Revealed: Where most parking fines are issued in Havering

Station Road in Harold Wood

Station Road in Harold Wood - Credit: Archant

Where are you most likely to get a parking fine in Havering?

Station Road in Harold Wood

Station Road in Harold Wood - Credit: Archant

It’s a question on the minds of many motorists – and now the Recorder can reveal which are the most ticketed streets in the borough.

In this financial year Corbets Tey Road in Upminster has seen parking fines issued almost twice as much as the next most targeted street – Station Road, Harold Wood.

The Upminster street has had 2,162 tickets so far in 2012/13 compared with 1,161 for Station Road.

In 2011/12, it was Station Road which topped the list of most fined streets with its namesake – Station Road, Gidea Park – in second place.


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Cllr Brian Eagling (Residents’ Association, Harold Wood) said: “I think it’s despicable, especially what the CCTV car does. It sits and waits near Harold Wood Station to catch as many people as possible who are just dropping someone off or picking them up.

“What are you supposed to do when you go to pick up your mother with her bags? It’s absolutely scandalous.”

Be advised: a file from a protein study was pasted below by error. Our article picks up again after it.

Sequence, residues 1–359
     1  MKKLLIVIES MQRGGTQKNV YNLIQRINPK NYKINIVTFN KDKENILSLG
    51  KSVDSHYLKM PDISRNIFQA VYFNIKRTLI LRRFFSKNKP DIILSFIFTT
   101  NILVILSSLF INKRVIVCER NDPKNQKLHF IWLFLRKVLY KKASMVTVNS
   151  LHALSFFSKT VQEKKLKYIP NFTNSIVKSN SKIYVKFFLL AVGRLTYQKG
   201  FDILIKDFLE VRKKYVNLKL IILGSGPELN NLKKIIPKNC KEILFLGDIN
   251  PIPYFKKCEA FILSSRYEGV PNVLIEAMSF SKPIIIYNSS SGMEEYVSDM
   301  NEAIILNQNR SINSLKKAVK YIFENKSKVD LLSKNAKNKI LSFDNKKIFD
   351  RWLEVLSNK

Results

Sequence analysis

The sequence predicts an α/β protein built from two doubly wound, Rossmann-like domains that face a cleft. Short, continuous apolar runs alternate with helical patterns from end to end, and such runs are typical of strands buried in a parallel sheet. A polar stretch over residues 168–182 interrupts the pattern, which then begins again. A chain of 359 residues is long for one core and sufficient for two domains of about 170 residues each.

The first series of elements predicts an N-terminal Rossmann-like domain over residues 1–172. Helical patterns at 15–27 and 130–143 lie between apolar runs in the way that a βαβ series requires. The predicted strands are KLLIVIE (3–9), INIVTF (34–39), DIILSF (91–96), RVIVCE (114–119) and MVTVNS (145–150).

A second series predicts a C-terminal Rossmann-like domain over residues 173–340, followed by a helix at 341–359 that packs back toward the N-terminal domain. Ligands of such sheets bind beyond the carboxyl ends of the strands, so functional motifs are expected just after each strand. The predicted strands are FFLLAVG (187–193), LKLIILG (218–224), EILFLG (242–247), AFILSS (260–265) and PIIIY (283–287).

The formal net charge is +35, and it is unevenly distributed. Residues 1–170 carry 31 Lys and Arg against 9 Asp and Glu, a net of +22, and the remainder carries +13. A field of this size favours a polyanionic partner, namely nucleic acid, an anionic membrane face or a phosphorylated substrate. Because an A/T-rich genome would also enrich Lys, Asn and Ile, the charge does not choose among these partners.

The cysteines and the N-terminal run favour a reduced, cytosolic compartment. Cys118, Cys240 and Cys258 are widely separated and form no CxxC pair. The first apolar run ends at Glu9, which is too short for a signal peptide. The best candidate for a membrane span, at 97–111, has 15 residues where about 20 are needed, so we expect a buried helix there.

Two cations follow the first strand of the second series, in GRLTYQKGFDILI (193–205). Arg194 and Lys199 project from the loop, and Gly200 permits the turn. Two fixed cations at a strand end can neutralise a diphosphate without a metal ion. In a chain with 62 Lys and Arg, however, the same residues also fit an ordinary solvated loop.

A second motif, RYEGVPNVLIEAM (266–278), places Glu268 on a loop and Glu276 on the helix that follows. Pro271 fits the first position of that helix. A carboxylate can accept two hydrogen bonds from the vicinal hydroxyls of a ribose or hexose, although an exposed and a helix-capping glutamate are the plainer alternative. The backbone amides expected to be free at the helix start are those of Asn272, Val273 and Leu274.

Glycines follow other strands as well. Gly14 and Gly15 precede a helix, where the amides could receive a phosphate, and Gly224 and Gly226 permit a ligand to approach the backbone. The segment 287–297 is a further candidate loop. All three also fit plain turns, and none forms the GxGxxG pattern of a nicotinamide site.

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In November, Essex Farmers’ Market in Station Road, Upminster, which leads into Corbets Tey Road, announced that it was not returning to Upminster. It blamed factors including parking fines for traders and customers.

General manager Mike Allen said: “I’m not surprised that it is one of the most targeted areas.

“We were there for five years and it seemed to just get much worse. People kept telling us they had got ticketed.

“People pulling up for one minute to get cash out of a machine were targeted.”

But Cllr Barry Tebbutt, Cabinet Member for Streetcare, said: “To put things into perspective, despite being one of the largest boroughs in London, we actually issued the third lowest number of penalty charge notices, which says a lot.

“We’re not out to get people for no reason. We’ll only issue fines if people park illegally and are obstructing traffic or causing danger to themselves and others.

“This can be the case on busy roads and we are often asked by schools and residents themselves to visit these areas.”

He added: “It’s about making sure people are safe and the borough is kept moving at all times. In addition, all income from parking charges are reinvested back into making improvements in the borough. This could include our safer routes to school schemes, street cleaning or highways and lighting maintenance.”

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